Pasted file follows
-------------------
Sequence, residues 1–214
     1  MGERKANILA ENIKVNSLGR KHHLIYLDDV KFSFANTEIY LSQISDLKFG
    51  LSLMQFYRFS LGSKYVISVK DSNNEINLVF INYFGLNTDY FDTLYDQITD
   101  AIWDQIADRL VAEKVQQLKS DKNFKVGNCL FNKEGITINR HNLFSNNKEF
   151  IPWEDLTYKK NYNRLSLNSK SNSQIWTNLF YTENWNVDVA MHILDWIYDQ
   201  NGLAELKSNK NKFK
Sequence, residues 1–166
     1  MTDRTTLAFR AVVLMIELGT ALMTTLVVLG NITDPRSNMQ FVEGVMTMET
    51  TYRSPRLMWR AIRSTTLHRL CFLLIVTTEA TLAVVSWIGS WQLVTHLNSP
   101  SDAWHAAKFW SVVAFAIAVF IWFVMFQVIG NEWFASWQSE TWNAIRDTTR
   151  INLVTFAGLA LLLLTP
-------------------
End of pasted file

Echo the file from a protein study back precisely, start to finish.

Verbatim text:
Sequence, residues 1–214
     1  MGERKANILA ENIKVNSLGR KHHLIYLDDV KFSFANTEIY LSQISDLKFG
    51  LSLMQFYRFS LGSKYVISVK DSNNEINLVF INYFGLNTDY FDTLYDQITD
   101  AIWDQIADRL VAEKVQQLKS DKNFKVGNCL FNKEGITINR HNLFSNNKEF
   151  IPWEDLTYKK NYNRLSLNSK SNSQIWTNLF YTENWNVDVA MHILDWIYDQ
   201  NGLAELKSNK NKFK
Sequence, residues 1–166
     1  MTDRTTLAFR AVVLMIELGT ALMTTLVVLG NITDPRSNMQ FVEGVMTMET
    51  TYRSPRLMWR AIRSTTLHRL CFLLIVTTEA TLAVVSWIGS WQLVTHLNSP
   101  SDAWHAAKFW SVVAFAIAVF IWFVMFQVIG NEWFASWQSE TWNAIRDTTR
   151  INLVTFAGLA LLLLTP